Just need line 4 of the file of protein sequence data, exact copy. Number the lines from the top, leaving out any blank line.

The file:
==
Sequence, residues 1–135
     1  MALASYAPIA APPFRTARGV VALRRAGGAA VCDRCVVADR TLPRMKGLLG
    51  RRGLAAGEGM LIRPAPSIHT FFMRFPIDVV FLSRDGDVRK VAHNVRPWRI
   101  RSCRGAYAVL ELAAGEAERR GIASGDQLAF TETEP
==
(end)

   101  RSCRGAYAVL ELAAGEAERR GIASGDQLAF TETEP